“Reuse and refurbishment represent the greatest value recovery opportunity from used devices”
The terms reuse and recycle are often used synonymously. However, it’s important to understand the difference between them. Recycling involves breaking down a product into raw materials and then using the raw materials to create new goods. Reuse is to re-purpose an existing asset for a new use, and that’s exactly what our solutions do. We can transform your existing CAT3 or Coax cabling into an IP path with power to support various IP endpoints.
Recycling’s Environmental Impact
Ever since it’s explosion in the 1980s, skeptics and advocates have debated whether or not recycling has a net positive impact on the environment. Surface level recycling benefits are obvious. Reduce the amount of waste that is burned or buried in a landfill, and conserve the Earth’s limited natural resources, which involves a very destructive process to extract. However, it’s important to understand that recycling does come at an environmental cost.
Unlike reusing existing wires which has a 100% benefit to the environment, trucks must transport recyclable products – requiring energy and creating pollution. Once at the recycling plant more energy is used, and pollutants created to transform the product back into raw materials. We must also consider what kind of products are being made with recycled materials. Closed-loop recycling is the most efficient. This is, for example, when a plastic bottle is recycled into another plastic bottle – and so the process can continue indefinitely. However, the closed-loop is often broken when items are recycled into less desirable products that can’t be recycled. For example, when a plastic bottle is recycled into plastic fibers for clothing.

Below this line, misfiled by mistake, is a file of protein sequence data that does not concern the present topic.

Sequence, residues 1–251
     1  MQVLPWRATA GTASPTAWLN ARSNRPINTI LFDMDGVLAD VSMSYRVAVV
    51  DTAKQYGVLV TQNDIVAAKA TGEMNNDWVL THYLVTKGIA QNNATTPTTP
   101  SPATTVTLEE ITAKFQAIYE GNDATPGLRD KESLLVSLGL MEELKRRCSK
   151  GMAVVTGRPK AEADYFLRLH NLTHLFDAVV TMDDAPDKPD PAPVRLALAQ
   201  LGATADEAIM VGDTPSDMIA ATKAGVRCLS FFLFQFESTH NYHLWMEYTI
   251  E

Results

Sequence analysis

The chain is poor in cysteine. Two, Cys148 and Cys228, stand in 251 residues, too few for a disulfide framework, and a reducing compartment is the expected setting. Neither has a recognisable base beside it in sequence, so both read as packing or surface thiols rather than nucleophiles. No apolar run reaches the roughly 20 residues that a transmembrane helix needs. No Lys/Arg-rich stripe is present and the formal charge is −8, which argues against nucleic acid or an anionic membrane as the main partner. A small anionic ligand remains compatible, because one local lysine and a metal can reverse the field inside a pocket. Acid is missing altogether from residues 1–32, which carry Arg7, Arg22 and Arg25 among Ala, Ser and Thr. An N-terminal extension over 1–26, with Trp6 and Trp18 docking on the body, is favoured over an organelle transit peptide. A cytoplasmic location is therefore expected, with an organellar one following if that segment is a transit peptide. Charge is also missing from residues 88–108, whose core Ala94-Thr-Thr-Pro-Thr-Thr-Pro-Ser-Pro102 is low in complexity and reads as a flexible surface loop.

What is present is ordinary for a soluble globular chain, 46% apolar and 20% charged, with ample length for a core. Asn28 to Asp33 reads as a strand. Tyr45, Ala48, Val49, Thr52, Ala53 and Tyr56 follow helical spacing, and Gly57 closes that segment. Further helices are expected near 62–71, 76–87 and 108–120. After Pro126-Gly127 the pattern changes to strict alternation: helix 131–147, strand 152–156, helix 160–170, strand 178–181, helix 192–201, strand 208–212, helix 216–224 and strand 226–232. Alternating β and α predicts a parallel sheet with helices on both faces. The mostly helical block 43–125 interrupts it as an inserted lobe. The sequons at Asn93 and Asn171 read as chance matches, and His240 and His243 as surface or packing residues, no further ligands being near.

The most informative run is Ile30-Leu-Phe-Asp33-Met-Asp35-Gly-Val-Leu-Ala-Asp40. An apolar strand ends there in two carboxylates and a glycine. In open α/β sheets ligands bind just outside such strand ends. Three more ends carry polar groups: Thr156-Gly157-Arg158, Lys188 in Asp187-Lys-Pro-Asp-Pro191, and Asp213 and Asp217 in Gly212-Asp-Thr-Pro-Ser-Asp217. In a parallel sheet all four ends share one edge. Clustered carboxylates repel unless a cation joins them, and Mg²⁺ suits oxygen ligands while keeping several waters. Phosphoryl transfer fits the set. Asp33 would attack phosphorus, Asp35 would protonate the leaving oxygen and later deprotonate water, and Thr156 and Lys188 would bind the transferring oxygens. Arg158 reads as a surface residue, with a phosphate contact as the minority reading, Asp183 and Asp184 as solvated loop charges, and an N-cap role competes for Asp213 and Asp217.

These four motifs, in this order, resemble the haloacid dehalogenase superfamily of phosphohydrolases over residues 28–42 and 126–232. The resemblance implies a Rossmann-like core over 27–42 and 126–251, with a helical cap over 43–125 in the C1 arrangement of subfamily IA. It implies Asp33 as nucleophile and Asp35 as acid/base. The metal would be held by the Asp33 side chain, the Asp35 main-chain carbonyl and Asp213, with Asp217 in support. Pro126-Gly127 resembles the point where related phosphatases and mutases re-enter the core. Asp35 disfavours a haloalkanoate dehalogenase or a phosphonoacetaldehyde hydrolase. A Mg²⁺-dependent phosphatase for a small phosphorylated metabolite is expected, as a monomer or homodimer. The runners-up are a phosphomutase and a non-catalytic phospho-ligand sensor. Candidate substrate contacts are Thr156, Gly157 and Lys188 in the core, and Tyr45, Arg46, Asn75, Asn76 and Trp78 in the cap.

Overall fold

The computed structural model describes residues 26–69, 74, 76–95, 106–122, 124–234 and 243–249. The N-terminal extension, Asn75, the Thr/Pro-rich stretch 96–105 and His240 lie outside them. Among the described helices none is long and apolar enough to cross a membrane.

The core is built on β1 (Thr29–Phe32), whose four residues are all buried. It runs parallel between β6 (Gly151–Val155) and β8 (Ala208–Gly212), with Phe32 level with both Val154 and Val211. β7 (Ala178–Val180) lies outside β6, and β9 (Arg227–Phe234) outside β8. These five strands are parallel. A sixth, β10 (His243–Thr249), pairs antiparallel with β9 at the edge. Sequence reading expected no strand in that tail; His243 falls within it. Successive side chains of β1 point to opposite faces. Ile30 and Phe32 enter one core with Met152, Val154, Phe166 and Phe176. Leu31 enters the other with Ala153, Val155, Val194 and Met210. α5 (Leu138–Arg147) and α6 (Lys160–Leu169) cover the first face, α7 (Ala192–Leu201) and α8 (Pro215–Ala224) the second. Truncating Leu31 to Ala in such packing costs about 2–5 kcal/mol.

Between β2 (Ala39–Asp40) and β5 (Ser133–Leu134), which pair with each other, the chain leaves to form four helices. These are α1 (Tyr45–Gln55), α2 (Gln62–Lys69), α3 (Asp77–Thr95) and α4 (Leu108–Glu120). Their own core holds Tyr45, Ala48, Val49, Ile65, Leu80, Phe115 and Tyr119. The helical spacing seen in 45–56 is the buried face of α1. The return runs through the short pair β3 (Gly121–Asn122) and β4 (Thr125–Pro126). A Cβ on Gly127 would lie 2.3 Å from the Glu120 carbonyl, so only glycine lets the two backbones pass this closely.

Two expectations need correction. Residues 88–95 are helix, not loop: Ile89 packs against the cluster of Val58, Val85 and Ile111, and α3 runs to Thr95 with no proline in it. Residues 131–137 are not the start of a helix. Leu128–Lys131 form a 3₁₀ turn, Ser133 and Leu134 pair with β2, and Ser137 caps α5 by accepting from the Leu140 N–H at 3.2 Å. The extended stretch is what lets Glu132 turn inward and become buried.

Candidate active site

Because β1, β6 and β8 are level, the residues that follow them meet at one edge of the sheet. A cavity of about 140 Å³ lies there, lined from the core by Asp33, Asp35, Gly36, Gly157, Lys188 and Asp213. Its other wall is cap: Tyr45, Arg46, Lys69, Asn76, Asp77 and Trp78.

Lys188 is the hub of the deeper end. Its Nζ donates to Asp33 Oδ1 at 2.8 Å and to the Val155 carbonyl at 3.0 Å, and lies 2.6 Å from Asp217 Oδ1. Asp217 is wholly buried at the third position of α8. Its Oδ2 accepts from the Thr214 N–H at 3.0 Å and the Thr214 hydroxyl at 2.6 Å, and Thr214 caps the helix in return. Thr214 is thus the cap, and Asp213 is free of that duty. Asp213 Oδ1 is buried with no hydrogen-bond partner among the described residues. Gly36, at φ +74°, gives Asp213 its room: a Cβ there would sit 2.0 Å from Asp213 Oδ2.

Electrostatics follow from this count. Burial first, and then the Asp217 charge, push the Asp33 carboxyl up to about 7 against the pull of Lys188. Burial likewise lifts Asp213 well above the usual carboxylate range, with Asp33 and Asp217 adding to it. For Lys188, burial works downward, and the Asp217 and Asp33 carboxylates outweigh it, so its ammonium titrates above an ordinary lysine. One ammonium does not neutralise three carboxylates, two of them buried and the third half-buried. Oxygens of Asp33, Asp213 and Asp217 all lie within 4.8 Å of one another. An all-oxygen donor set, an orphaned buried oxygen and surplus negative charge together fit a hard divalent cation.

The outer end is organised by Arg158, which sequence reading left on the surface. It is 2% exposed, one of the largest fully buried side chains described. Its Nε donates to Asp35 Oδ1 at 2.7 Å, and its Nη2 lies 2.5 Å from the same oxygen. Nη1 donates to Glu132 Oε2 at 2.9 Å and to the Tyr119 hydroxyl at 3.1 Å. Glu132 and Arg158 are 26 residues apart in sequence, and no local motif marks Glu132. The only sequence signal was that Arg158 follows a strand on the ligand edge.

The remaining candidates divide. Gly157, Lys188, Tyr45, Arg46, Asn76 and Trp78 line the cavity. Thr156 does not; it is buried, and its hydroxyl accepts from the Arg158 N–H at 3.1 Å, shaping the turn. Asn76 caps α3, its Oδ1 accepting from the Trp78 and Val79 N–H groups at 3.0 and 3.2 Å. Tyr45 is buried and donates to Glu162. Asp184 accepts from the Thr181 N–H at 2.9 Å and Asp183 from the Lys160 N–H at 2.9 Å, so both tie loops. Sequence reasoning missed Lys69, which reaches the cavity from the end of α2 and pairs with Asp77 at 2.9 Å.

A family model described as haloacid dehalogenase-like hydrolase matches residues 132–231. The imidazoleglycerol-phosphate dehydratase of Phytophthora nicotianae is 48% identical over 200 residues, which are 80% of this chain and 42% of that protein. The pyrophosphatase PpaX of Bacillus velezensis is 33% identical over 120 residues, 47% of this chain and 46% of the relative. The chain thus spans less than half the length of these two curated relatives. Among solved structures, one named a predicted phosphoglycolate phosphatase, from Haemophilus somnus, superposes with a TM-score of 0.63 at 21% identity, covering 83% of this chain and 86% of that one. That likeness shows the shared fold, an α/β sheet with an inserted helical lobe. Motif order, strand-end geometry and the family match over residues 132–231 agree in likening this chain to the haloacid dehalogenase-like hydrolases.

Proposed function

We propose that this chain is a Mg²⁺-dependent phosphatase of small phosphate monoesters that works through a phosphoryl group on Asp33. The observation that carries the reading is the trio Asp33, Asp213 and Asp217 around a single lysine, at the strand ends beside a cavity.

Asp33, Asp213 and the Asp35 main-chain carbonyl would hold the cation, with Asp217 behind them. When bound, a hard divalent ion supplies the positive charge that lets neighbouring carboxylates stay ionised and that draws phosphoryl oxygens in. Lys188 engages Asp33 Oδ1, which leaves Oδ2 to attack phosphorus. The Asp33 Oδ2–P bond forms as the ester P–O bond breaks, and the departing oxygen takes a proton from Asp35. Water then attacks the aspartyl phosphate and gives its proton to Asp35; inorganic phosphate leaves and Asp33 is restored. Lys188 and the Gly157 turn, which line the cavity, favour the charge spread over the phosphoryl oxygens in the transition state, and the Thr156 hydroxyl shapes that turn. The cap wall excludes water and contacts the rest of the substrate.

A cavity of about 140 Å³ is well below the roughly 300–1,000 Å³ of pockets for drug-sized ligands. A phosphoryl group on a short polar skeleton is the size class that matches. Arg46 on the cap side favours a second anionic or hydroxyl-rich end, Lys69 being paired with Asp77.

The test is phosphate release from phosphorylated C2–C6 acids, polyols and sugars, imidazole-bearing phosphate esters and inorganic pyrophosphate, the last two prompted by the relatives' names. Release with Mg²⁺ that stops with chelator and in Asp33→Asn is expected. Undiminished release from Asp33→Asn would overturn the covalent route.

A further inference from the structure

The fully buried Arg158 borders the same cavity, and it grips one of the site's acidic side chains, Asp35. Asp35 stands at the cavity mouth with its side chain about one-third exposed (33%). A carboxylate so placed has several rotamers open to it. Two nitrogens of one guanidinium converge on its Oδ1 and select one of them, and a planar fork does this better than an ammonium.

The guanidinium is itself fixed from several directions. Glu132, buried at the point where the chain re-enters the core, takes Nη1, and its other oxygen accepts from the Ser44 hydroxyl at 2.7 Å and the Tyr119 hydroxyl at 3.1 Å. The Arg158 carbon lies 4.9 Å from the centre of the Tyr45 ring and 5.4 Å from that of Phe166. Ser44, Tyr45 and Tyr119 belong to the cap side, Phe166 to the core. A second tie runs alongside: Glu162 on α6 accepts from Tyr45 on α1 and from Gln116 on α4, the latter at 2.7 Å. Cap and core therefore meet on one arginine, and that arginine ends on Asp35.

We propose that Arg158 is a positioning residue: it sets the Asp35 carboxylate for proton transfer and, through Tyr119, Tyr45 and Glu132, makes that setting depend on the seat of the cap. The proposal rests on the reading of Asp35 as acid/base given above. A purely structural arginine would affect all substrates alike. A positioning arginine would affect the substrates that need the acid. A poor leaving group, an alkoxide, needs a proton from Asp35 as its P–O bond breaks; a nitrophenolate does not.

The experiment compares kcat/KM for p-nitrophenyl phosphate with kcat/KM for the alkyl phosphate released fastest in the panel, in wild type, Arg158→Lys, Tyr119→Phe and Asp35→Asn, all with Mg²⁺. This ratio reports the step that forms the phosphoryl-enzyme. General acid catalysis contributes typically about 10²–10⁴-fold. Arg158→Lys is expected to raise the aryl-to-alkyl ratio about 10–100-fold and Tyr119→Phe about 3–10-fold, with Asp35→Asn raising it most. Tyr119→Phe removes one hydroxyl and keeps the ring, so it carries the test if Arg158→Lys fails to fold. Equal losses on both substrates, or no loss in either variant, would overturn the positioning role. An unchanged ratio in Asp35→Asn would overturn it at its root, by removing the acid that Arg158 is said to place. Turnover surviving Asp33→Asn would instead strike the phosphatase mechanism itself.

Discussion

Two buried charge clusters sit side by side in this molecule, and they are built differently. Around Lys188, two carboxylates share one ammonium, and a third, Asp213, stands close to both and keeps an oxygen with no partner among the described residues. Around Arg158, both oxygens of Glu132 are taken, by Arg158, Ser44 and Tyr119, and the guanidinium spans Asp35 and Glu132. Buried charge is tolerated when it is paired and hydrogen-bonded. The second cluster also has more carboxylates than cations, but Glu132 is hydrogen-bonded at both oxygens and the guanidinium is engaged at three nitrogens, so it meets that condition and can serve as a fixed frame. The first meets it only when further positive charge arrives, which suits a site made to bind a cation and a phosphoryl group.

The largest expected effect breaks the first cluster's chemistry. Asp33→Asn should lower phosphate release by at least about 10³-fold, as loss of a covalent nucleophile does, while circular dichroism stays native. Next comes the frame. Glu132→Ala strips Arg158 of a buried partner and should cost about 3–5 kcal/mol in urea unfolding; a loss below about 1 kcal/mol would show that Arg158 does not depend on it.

The effectiveness of a reuse strategy is always 100% environmentally friendly. However, this is unfortunately not true for recycling. The effectiveness of recycling depends largely on location as each country, state, and municipality have unique regulations, programs, and facilities. The gap can be staggering. According to Eurostat, in 2016 Sweden recycled almost 50% of all their waste, while Romania only recycled about 13%. The raw material itself is also an important variable to consider. Aluminum is one of the most effective, requiring approximately 90% less energy when made from recycled materials. However, recycled glass only results in about 20% energy savings.
The Electronic Products Recycling Association (EPRA) is a not-for-profit organization that provides industry-led and regulated recycling programs for unwanted electronics. According to the EPRA, recycled cables and wires are harvested for their metal, which means non-metal components are considered waste.
Not All Waste is Recycled
As mentioned previously, not all waste is recycled. Many organizations modernizing to IP believe they need to install the newest cabling infrastructure to support their endpoints. Let’s assume a company is planning to rip-and-replace their current telephony infrastructure and operates out of a 40,000 square foot facility with 200 employees. Approximately 22,000 feet of cabling could potentially end up in a landfill. On the other end of the spectrum, a larger facility – such as a cruise ship – could have as much as 750,000 feet of telephony cable. That’s over 11 tons of waste! Many IoT endpoints do not have high bandwidth requirements, meaning upgrading to newer Ethernet cabling is both a waste of budget and an unnecessary burden to the environment.
There’s A Better Way
In EPRA’s 2017 Environmental Report, the organization states “reuse and refurbishment represent the greatest value recovery opportunity from used devices.” Businesses too often rip-and-replace their reliable and proven existing infrastructure in their pursuit of the Internet of Things. Do yourself and the environment a favor, let us help you transform your cabling infrastructure to support IP endpoints.